Yet the most valuable principle that systems thinking can add to design thinking is the need to bring the whole system to the discussion from the beginning. The stakeholders within the system must plan for themselves. If problem formulation is the first step in the design process, then adopting a systems mindset can help with framing and especially reframing the problems.
We have proposed that the two approaches complement each other and each incorporates components of the other implicitly. We believe it is possible — and necessary — to create an approach that explicitly incorporates the strengths of both, thereby addressing the gaps and increasing the chance of creating sustainable solutions to the wicked problems facing organizations and society today.
John Pourdehnad serves as affiliated faculty in Organizational Dynamics at the University of Pennsylvania. He is also associate director, Ackoff Collaboratory for Advancement of Systems Approaches, and adjunct professor, Systems Engineering, in the School of Engineering and Applied Science.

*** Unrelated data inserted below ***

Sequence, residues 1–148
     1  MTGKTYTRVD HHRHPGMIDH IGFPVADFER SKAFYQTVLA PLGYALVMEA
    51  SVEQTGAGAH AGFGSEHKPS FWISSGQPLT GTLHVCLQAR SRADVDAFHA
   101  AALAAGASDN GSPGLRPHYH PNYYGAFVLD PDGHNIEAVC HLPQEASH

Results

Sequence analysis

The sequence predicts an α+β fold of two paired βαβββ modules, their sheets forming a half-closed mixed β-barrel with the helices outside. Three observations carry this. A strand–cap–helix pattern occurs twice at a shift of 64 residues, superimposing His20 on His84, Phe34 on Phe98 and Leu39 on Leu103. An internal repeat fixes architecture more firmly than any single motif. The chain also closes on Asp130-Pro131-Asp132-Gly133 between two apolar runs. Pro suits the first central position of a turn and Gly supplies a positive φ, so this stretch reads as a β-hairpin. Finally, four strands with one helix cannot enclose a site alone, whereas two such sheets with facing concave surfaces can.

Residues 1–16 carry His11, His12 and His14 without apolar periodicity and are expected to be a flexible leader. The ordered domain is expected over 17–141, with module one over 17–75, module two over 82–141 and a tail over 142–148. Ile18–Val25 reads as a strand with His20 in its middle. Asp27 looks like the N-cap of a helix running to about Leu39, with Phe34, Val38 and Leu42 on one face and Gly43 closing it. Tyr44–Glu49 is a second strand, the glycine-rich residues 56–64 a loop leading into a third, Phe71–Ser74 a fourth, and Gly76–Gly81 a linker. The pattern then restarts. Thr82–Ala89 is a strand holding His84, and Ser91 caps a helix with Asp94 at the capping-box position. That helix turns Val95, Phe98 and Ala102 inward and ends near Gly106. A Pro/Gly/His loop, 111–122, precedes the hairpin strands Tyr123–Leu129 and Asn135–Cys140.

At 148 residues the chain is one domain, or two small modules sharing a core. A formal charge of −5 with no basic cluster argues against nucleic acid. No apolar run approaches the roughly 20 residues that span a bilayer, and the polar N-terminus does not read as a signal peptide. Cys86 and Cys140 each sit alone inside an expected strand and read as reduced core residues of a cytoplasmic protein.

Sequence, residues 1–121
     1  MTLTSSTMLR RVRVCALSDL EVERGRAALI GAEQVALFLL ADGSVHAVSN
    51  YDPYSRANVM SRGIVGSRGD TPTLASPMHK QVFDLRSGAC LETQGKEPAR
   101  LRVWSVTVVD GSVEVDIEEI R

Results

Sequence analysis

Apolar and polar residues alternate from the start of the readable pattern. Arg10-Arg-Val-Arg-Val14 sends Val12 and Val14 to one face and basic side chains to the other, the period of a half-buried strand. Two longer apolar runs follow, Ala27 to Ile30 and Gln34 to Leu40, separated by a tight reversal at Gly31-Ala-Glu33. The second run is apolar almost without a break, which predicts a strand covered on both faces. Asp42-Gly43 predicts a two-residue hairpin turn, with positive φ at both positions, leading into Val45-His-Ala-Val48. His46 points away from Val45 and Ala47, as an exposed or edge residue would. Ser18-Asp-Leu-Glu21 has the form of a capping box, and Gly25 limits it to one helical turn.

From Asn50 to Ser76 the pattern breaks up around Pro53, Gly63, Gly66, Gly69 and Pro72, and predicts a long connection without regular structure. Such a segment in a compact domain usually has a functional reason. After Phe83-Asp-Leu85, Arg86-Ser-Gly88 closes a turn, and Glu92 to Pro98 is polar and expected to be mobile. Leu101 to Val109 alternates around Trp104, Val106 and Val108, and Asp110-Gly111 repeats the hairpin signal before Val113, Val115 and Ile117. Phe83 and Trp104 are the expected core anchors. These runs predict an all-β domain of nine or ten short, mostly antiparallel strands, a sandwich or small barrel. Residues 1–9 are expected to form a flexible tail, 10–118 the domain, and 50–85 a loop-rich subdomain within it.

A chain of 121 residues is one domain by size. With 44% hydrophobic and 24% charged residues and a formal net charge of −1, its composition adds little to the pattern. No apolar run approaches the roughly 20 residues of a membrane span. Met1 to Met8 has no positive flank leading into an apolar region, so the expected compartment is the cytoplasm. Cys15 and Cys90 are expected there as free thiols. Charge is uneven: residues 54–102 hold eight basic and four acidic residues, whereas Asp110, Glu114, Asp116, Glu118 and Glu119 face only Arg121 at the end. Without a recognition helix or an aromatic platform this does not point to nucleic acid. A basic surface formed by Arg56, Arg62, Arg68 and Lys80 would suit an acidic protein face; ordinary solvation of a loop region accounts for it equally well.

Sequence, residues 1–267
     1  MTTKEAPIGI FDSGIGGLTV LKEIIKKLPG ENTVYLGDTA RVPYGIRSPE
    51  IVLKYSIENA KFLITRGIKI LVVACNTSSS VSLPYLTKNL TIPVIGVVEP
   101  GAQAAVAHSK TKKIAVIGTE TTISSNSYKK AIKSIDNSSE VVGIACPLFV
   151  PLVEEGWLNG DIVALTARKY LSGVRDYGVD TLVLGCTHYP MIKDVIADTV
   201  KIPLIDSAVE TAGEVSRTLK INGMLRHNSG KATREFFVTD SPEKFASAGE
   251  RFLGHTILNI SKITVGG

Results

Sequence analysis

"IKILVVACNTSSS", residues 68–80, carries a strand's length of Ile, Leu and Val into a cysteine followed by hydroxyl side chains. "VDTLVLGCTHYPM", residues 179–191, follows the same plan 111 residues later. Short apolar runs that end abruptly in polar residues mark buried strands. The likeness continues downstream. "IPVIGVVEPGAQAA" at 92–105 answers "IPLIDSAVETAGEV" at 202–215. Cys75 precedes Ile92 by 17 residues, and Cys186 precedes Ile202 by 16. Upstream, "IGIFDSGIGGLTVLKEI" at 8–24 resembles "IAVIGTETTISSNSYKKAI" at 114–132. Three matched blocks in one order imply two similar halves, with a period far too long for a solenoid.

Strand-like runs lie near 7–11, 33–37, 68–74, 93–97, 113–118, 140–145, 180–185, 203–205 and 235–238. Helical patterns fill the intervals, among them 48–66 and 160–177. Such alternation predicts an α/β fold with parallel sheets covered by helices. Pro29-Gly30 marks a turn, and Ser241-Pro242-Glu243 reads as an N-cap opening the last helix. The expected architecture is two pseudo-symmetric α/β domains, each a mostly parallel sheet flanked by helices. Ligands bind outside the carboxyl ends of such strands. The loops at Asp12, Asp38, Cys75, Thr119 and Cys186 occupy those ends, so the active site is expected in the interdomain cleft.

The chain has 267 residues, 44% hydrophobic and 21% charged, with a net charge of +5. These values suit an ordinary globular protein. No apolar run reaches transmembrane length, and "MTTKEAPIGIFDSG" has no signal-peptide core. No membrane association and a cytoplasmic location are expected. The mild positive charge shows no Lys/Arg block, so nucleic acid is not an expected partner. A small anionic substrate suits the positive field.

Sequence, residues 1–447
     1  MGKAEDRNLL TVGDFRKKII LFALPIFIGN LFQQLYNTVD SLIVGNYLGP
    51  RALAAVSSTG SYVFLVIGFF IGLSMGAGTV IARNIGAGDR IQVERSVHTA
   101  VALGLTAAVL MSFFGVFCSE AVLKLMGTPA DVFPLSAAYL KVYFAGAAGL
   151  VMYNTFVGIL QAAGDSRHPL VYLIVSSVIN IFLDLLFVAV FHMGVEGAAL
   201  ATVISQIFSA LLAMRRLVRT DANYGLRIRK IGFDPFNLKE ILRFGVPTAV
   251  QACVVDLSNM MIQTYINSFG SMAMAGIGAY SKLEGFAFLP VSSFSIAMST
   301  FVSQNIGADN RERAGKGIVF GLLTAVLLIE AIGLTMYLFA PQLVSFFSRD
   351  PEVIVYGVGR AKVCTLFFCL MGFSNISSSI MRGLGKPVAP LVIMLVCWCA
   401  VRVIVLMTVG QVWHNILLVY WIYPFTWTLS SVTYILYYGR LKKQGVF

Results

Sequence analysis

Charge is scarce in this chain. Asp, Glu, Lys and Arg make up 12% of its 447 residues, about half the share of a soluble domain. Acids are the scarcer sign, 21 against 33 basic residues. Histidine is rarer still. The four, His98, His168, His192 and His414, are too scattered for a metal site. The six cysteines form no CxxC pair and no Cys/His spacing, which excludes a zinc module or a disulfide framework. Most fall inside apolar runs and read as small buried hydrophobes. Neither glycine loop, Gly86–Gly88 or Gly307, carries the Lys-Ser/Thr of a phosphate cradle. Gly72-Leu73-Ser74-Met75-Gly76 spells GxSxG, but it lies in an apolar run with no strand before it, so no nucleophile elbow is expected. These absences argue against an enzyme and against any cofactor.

Erica R. Wexler holds a master’s in Organizational Dynamics from the University of Pennsylvania. She is currently communication & training coordinator of the Pennsylvania Bureau of Autism Services.
Dennis V. Wilson holds a master’s in Organizational Dynamics from the University of Pennsylvania. He is currently project manager/senior process analyst at Penn Mutual Life.